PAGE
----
A process for turning everyday waste into gasoline, developed through the Texas A&M University System, has been licensed to Byogy Renewables Inc. and could become a reality within two years. Researchers with the Texas Engineering Experiment Station (TEES), the engineering research agency of the State of Texas, developed the process to make converting biomass into high-octane gasoline possible, and say it is possibly the only integrated system that does so, as most other emerging processes convert the biomass into alcohol and then blend it with gasoline.
The system is relatively inexpensive and focuses on using biomass waste streams and non-food energy crops, rather than food products such as corn. Excluding all government subsidies and tax credits, and dependent on the type and cost of feedstock and size of the biorefinery, the researchers said that the cost would lie between US$1.70 and US$2.00 per gallon.
Biomass includes garbage, biosolids from wastewater treatment plants, green waste such as lawn clippings, food waste, and any type of livestock manure. The process could also utilize non-food and non-feed crops grown specifically for biomass energy.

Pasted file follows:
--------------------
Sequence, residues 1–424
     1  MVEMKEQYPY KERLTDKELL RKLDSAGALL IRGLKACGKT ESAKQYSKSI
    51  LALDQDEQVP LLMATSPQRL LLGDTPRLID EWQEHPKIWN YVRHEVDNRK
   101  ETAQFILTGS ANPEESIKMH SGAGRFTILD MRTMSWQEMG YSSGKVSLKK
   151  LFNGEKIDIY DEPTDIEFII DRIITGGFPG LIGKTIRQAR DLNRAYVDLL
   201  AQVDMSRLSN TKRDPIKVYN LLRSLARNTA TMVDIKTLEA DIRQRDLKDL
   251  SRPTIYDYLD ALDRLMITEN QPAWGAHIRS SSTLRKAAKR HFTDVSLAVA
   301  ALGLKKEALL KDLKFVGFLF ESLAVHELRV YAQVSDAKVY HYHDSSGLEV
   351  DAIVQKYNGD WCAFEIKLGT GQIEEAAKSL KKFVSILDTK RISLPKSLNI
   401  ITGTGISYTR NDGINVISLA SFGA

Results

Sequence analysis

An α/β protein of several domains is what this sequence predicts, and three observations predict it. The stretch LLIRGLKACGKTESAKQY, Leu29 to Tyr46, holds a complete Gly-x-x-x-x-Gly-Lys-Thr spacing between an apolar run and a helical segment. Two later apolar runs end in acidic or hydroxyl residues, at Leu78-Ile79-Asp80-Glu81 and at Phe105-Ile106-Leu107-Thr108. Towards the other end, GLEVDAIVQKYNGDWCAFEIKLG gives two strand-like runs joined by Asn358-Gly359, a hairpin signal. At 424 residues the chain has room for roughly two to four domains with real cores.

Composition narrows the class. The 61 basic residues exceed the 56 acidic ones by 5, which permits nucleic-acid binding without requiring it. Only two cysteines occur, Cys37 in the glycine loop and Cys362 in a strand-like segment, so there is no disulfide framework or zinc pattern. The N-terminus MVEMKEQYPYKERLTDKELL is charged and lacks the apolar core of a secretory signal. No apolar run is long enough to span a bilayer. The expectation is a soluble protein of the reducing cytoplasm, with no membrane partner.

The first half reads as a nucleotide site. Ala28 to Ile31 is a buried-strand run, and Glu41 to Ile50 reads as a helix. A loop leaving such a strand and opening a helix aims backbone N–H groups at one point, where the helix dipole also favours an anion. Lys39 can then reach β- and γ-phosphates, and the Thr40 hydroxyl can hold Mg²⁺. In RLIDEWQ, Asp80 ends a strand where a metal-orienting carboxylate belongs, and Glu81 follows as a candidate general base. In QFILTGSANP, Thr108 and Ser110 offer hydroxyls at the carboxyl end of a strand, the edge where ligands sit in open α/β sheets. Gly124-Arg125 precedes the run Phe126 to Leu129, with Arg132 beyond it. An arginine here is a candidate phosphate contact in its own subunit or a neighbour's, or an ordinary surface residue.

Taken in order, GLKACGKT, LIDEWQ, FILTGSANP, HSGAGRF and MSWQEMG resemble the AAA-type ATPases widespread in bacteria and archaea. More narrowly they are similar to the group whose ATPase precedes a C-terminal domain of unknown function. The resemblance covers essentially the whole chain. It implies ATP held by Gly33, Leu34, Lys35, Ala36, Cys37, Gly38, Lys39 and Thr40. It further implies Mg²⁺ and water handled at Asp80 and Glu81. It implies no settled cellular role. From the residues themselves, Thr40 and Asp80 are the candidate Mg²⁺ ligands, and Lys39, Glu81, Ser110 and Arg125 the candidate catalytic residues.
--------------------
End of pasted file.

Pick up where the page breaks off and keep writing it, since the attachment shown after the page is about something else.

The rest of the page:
Byogy hopes to have a plant using the technology up and running within 18 months to two years. The focus at the initial plant would be on using urban waste, which the plant would grind, sort and then convert to gasoline that could be immediately used as a drop-in substitute to the current petroleum gasoline supply with seamless integration into the existing fuel distribution infrastructure, with no changes to retail gas stations, pipelines, fuel terminals or motor vehicles. A team led by Professor Mahmoud El-Halwagi of Texas A&M University’s Department of Chemical Engineering has been assembled to conduct the initial process of integration work.